·       And finally, “What must our students be like to succeed in the world beyond school?”

Three Ways Forward
The answers may or may not surprise you:
·       Students must develop and use what I call “guiding principles.” These are attributes like responsibility, respect, perseverance, initiative, adaptability and trustworthiness.
·       Students must stay focused and fully engaged in their learning environment.
·       Students must stay focused on getting better at what they do every day. Basically, they need to adopt a growth mindset.

Changing Things Around
Educators at these schools decided to emphasize those characteristics, not just test scores. They changed their report cards to stress these characteristics. When they did, students’ academic performance dramatically improved.

The approach of these schools is if you focus on the soft skills (which I refer to above as guiding principles), student engagement, and simply trying to help all students grow academically, then state tests will take care of themselves.

A Powerful Tool to Help Achieve Success
Welcome to the Learning Criteria.

Based upon the success of these rapidly improving schools, we created the Learning Criteria to help schools we work with evaluate their students. It is also a tool for teachers, administrators and parents to evaluate classroom experiences and focus on high-engagement learning opportunities. The goal is to create well-rounded individuals ready to succeed in school – and beyond!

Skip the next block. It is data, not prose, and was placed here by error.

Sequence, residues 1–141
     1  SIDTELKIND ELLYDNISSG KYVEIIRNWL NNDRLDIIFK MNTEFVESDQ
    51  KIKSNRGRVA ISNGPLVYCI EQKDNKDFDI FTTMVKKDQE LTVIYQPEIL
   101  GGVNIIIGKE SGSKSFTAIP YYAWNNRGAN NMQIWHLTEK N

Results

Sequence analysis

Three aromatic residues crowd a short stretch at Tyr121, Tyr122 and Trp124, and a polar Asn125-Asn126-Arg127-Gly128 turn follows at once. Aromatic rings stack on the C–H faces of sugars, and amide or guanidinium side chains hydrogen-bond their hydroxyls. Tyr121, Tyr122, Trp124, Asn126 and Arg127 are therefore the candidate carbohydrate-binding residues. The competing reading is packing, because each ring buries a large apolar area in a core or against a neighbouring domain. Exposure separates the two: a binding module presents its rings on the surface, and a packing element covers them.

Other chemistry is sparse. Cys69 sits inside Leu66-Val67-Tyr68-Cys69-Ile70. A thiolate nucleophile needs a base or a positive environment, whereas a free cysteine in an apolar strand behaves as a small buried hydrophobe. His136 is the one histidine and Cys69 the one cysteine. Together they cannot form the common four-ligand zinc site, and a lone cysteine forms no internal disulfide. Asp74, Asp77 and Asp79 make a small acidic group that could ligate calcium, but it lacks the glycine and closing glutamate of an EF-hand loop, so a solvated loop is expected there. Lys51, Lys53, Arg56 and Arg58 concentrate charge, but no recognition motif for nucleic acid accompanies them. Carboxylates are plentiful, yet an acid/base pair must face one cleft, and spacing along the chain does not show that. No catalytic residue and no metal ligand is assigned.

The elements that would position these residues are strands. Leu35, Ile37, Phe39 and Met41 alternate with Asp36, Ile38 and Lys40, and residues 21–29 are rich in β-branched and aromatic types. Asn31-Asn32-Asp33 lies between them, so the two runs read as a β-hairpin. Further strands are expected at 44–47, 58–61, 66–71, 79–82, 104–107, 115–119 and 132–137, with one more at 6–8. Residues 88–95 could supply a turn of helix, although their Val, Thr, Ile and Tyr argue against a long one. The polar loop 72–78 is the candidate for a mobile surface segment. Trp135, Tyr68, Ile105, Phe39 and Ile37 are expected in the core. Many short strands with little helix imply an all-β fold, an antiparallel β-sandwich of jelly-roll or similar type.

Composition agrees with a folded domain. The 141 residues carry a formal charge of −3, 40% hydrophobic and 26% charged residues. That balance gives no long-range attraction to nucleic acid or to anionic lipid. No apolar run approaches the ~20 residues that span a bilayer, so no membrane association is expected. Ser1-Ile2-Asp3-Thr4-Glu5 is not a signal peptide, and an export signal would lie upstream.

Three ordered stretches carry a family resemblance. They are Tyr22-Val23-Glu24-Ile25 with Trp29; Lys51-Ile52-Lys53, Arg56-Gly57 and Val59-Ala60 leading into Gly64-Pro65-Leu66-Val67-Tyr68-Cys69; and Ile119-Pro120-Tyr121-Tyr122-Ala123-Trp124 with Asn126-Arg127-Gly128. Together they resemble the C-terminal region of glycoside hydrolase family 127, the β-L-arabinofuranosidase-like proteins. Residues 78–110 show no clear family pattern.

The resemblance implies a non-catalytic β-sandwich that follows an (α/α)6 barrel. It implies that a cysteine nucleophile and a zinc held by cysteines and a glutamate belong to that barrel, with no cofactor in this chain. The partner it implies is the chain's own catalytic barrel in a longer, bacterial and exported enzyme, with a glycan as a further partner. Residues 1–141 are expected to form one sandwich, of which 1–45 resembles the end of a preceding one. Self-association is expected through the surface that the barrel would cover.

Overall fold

The Learning Criteria consist of four components:
n  Foundation Learning.  This is knowledge a school requires all students to achieve. It is measured through standardized tests, and often is related to achieving “Adequate Yearly Progress.”
n  Stretch Learning. This learning takes place when students push beyond the minimum requirements. Stretch learners participate in interdisciplinary activities, enroll in honors courses and seek specialized certificates.
n  Learner Engagement. When learners engage with their teachers, peers and the overall school community, they become more motivated and eager to participate in the learning process. When students are engaged, they feel a sense of satisfaction, belonging and accomplishment.
n  Personal Skill Development. Basically, working on leadership and social skills. Does a student show empathy? Can she control her emotions? Can she collaborate? Can she work as part of a team? Through personal skill development, students will be better prepared for lifelong success in business, at home and in their communities.

Racing the Wrong Way
Most schools focus first on foundation learning before moving on to the other three criteria. Sadly, many students never get past this initial stage. One way to think about the Learning Criteria is to envision a race with four hurdles. Most schools try to clear the hurdles in this order:
1.     Foundation Learning
2.     Stretch Learning
3.     Personal Skill Development
4.     Student engagement

Many schools can’t get their students to clear the first hurdle. But they double down anyway in an effort to score well on state standardized tests. They never reach the three other hurdles. They’re running the race in the wrong direction.

Reverse Course!
Our country’s most rapidly improving schools run the race in the opposite direction. They focus on student engagement first, then move on to personal skill development and stretch learning. Guess what? When you run the race this way, foundation learning takes care of itself.

In future blogs, we will focus on details of student engagement, personal skill development and stretch learning.

Stay tuned!